David Simon, creator of The Wire, weighs in on the death of his friend Michael K. Williams in a New York Times essay, one that recounts a question the actor would ask at the start of each season. "What are we going to say this year?" Williams played Omar, the robber of drug dealers, and he first posed the question to the show's writers at the start of the second season. As Simon notes, the show took a lot of flak that year for shifting its focus from the streets of West Baltimore to the city's waterfront—most of the action would now center on white characters instead of Black ones. When Williams saw the scripts, he went to the writers and expressed his disappointment. Simon initially thought he was being a prima donna actor worried about a diminished number of lines, but Williams set him straight.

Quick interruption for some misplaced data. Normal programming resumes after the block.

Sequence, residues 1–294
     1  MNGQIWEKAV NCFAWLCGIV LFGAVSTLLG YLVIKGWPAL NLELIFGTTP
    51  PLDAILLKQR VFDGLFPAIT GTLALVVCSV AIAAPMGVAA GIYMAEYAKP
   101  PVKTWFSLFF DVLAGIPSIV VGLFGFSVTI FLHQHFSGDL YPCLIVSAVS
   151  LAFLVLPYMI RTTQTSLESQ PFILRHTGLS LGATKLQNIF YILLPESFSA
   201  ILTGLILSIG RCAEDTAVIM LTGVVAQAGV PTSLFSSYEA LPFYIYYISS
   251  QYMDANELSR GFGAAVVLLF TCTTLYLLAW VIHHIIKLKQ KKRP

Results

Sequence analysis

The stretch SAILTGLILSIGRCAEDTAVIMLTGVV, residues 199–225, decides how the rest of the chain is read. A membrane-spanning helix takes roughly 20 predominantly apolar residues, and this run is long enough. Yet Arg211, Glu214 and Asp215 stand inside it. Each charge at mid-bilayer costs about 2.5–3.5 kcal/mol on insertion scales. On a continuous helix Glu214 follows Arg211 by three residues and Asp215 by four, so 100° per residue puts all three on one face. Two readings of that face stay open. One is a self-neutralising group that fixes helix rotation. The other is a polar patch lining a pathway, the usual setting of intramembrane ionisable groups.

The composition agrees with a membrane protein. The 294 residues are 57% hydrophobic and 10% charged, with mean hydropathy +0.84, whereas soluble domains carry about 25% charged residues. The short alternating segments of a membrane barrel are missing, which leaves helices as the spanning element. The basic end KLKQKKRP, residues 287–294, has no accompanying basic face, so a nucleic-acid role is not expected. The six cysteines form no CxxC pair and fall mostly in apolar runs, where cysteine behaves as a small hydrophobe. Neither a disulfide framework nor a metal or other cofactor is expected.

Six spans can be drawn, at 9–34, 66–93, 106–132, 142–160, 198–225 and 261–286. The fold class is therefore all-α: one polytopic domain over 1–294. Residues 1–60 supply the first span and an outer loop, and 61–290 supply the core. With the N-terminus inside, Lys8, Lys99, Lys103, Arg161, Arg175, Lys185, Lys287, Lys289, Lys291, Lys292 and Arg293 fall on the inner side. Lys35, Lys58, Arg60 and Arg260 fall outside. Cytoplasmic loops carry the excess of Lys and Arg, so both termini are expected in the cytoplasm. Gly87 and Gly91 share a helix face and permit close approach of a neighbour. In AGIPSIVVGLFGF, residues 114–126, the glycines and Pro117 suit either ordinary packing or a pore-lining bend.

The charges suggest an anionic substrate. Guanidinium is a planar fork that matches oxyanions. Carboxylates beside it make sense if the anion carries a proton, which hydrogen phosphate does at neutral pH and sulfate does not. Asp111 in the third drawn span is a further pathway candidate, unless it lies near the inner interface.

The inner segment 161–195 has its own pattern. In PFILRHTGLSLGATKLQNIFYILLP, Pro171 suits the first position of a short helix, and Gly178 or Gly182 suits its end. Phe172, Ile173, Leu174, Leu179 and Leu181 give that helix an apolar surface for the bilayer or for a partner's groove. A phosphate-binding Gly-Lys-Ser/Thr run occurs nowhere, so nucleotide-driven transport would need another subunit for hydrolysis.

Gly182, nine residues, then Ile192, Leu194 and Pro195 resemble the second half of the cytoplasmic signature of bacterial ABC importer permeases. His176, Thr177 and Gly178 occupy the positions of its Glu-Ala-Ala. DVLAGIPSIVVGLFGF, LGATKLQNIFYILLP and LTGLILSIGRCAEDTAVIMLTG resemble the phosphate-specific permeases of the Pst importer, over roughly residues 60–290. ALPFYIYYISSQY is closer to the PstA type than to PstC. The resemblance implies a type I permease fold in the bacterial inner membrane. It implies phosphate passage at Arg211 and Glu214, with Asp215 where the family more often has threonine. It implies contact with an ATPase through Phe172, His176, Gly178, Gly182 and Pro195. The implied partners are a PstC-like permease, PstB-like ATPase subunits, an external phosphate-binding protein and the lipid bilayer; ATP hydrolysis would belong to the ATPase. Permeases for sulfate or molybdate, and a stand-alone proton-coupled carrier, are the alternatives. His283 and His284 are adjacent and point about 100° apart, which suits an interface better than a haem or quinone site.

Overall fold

“I’m not here about my screen time," he said. "I just want to know why we are doing this. Why is the show changing?” He wanted to know why a show that was one of the rare ones on TV to focus on Black characters was "walking away from that." Simon's answer—that he didn't envision his show as being a Black drama but one about power and money in an American city—satisfied Williams. But every year after that, Williams would go into the writers' offices before shooting began and pose the question anew: "What are we going to say this year?" Simon acknowledges he initially underestimated Williams. In the essay, he honors the "utterly committed professional who never gave a camera the wrong moment, but who somehow never took enough comfort from that great skill, who was always, I came to understand, looking for it to mean more." Read it here. (Read more David Simon stories.)